Oregon Secondary vs. Colorado Receivers
The Ducks’ deep squad of defensive backs — perhaps the strongest position group on the defense — can expect a worthy opponent for the Buffs’ receivers on Friday. Colorado quarterback Steven Montez has been able to stretch the field through the air with the help of a strong group of receivers. Led by wideouts Tony Brown, K.D. Nixon, Laviska Shenault Jr. and Dimitri Stanley, the Buffs’ air raid will undoubtedly be the strongest group the Ducks have faced in the early season.
“You’re looking at a quarterback that’s got a ton of experience, who’s had success here before as well,” Head Coach Mario Cristobal said. “He’s complemented by some really, really good players and a really good scheme, so we know that we have to be at our best to play the type of game we want to play on Friday night.”
Tony Brown leads the team in receiving yards with 442 this season. Brown has stood out as a top target in the Colorado offense, tallying 29 total receptions for an average of 15.2 yards per catch and four touchdowns.
Although Brown is the leader in receiving yards, Colorado receivers Nixon, Shenault and Stanley have all made a huge impact. The three have gained 302, 226 and 185 yards in the air, respectively. It is through the consistency among the receiving group that Montez has been ranked 18th nationally in passing yards.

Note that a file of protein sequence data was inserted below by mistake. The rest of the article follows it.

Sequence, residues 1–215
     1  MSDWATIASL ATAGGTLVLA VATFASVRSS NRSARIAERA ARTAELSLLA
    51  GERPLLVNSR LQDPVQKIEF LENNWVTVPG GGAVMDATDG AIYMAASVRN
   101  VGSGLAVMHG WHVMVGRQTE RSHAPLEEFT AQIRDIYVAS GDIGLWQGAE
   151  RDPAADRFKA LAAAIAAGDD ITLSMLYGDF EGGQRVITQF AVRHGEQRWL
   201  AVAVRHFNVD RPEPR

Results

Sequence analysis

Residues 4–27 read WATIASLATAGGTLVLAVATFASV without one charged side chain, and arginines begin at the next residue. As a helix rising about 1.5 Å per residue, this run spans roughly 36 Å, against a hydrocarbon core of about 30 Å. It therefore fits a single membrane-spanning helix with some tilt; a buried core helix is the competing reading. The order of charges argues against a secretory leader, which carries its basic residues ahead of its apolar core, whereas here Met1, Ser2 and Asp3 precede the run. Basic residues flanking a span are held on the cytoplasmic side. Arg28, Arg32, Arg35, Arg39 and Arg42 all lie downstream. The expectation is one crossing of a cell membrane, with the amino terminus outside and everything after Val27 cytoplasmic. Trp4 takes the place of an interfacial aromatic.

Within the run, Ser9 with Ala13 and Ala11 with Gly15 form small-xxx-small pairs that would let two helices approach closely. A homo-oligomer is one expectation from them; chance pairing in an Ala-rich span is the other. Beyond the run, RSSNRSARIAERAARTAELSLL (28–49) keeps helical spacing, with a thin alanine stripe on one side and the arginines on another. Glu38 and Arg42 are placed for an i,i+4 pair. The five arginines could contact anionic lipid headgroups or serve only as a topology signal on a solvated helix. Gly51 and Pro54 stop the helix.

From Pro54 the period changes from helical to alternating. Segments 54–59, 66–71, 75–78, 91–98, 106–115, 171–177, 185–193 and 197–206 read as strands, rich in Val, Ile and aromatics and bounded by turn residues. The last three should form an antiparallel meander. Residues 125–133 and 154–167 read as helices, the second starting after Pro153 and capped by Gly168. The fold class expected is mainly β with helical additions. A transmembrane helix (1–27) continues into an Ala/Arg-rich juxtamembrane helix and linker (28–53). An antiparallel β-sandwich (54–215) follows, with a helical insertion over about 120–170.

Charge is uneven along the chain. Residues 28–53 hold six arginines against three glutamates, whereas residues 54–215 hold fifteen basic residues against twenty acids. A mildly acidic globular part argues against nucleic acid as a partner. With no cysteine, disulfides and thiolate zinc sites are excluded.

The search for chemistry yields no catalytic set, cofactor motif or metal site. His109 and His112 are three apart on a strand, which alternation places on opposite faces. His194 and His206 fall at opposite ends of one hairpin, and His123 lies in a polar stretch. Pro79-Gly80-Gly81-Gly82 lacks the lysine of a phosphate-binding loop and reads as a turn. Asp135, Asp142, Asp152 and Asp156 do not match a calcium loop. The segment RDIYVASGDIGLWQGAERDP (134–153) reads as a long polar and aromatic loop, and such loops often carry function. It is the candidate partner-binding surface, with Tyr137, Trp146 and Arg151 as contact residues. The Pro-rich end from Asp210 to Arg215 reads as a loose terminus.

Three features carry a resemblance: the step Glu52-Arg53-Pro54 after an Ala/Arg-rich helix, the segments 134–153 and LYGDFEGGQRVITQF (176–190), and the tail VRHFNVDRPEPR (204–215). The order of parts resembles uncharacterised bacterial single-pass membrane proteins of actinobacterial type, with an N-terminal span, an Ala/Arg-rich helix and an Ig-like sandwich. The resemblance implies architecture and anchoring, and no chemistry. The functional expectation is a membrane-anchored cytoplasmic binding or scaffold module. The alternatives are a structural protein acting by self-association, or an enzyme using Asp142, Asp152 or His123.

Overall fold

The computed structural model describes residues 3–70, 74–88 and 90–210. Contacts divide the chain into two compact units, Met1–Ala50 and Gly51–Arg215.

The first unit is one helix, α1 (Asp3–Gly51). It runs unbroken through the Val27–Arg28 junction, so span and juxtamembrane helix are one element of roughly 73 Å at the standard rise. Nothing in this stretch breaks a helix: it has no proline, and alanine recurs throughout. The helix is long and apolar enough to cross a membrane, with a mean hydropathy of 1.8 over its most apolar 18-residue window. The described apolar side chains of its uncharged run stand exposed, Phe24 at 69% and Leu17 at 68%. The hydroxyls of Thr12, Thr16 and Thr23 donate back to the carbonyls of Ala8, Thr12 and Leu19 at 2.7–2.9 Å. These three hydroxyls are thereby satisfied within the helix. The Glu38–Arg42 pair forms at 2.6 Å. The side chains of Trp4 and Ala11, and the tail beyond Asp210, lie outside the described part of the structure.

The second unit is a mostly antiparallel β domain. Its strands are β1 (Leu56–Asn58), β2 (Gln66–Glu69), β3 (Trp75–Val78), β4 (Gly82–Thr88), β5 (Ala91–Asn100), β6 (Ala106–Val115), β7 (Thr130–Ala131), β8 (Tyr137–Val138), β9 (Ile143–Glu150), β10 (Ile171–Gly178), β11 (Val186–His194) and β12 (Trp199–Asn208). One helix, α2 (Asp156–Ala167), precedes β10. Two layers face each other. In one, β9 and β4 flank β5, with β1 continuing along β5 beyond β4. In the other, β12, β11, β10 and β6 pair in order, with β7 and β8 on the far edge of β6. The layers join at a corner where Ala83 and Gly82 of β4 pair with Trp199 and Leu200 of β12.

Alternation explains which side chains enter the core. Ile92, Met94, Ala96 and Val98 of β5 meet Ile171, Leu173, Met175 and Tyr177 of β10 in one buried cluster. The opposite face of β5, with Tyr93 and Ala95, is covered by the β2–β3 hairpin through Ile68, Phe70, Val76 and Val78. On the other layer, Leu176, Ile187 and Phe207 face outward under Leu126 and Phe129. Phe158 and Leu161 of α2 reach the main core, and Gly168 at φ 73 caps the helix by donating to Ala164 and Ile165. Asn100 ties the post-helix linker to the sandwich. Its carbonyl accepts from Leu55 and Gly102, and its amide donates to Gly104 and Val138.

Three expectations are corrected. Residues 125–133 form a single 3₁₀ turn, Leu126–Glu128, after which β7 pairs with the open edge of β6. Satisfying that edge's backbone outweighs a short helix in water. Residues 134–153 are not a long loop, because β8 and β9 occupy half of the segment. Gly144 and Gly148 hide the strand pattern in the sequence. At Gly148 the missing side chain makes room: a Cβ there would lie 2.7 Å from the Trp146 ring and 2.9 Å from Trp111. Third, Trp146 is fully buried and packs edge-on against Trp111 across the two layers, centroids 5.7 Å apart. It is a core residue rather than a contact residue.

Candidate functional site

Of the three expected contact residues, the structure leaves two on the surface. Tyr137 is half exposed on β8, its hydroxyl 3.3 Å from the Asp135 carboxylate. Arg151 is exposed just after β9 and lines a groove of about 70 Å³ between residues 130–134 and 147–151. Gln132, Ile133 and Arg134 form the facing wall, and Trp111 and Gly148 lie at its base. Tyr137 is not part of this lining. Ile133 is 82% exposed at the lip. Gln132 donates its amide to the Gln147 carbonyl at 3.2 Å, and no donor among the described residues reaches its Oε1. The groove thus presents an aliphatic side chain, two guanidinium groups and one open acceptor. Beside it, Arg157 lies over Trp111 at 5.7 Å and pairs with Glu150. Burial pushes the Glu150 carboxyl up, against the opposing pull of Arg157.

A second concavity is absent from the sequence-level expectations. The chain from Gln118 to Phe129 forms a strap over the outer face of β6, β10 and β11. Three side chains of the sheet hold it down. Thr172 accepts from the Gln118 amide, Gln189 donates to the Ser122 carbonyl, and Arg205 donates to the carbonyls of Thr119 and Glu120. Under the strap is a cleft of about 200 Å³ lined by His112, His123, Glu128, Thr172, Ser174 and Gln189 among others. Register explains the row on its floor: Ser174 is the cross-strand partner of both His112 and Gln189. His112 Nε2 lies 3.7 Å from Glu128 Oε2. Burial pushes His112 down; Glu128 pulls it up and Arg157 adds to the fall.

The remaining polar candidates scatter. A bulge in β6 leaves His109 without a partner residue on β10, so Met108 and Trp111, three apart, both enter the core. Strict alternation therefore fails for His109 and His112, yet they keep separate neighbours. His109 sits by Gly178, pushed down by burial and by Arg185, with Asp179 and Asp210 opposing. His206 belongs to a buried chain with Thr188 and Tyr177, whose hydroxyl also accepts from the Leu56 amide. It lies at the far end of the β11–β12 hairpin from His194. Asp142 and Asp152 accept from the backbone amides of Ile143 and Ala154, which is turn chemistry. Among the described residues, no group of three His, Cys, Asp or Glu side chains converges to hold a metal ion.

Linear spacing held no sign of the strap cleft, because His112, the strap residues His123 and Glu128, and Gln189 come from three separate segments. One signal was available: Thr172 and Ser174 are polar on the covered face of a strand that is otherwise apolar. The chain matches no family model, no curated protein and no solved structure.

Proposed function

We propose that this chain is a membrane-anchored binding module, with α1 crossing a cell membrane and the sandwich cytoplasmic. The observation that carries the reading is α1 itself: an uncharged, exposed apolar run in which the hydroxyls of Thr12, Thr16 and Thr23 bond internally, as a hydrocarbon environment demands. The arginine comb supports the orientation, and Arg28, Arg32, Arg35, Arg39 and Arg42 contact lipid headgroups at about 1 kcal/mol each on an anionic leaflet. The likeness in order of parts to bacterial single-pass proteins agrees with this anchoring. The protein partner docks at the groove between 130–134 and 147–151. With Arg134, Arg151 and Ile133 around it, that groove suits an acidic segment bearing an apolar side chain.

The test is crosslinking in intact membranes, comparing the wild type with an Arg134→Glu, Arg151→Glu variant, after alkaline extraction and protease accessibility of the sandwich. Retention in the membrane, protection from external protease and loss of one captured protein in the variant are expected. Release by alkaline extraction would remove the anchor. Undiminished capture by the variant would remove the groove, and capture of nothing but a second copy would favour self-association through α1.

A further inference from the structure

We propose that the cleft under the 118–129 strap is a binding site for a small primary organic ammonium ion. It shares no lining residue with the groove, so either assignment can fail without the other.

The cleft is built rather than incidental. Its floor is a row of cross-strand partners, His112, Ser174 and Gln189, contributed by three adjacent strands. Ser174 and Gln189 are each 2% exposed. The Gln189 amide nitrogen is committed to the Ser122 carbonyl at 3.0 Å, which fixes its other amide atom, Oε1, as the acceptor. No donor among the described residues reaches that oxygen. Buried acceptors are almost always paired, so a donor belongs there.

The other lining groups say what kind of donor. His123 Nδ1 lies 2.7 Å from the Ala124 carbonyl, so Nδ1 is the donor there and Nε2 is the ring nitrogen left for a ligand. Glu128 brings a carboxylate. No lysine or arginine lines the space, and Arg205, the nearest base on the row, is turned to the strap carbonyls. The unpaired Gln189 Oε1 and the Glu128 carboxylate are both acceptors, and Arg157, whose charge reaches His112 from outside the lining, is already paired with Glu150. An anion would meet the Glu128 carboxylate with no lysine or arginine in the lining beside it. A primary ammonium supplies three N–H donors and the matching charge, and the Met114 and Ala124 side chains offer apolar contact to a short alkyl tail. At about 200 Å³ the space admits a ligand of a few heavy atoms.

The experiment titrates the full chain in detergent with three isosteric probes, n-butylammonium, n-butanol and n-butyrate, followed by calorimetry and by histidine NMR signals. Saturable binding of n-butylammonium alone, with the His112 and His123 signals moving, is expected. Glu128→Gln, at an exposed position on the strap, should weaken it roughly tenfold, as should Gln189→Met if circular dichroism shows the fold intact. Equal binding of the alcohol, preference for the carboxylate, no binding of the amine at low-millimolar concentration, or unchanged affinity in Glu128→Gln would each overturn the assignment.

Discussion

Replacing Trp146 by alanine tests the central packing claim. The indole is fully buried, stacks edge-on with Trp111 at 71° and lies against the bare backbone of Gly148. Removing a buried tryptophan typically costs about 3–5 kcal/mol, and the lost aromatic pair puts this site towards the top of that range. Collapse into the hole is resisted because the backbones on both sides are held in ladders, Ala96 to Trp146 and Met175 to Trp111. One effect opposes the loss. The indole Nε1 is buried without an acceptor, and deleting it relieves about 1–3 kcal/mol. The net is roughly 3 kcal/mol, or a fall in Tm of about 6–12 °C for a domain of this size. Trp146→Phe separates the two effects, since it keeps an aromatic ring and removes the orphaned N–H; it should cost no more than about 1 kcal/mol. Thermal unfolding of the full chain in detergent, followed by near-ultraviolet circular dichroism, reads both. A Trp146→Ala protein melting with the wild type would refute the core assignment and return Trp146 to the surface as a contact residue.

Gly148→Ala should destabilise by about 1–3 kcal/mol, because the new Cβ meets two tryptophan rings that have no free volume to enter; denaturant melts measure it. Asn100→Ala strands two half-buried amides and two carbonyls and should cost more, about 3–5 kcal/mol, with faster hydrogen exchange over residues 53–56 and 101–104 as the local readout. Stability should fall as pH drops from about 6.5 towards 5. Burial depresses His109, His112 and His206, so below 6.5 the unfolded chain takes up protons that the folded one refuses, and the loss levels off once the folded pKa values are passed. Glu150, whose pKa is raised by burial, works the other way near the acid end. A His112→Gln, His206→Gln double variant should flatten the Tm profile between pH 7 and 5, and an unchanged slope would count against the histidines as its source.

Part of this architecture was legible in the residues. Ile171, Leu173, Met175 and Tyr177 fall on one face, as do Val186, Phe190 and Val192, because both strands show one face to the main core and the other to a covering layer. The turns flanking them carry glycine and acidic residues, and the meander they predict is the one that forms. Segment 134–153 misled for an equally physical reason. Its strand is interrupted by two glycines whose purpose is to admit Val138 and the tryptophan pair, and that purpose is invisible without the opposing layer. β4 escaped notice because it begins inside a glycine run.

Shenault, who has dealt with injuries throughout the course of the 2019 season — and is listed as day-to-day in regards to Friday’s game — is known to be one of the best receivers in the country. Last year, he caught for a total of 1,011 yards, six touchdowns and an 11.8 yard-per-catch average. Shenault led the conference in receptions in 2018.
With Colorado’s passing game firing on all cylinders despite Shenault’s injuries, the Oregon secondary will have to rise to the occasion.
Jacob Breeland vs. Mikial Onu
With the Oregon receiving corps left short-handed for the first four weeks of the 2019 season, Marcus Arroyo’s offense was forced to adjust. It was in this adjustment period that a new go-to target emerged: Jacob Breeland.
Breeland, currently in his senior season, is peaking and playing like one of the nation’s best tight ends. With 352 total yards and five touchdowns in the first five weeks, he’s already within 25 yards of surpassing last year’s total, when he finished the season with 377 yards.
The Colorado defense, with the help of senior safety Mikial Onu, hopes to shut down the Herbert-Breeland connection. Onu, an anchor in the Colorado secondary, could certainly stymie Breeland’s explosive plays.
Onu, like Breeland, is having a breakout year. The senior has tallied four interceptions and two forced fumbles on the season so far, quadrupling his interception total from last year in the first five games. His season high came in the Buffs’ home opener against Colorado State, when Onu snagged two picks; his other interceptions came against Air Force and Arizona. Additionally, he forced fumbles against Nebraska and Air Force.
Although it’s hard to tell if Onu will be the one given the task of covering Breeland, it’s clear that he could very well carry out the objective, given his versatility.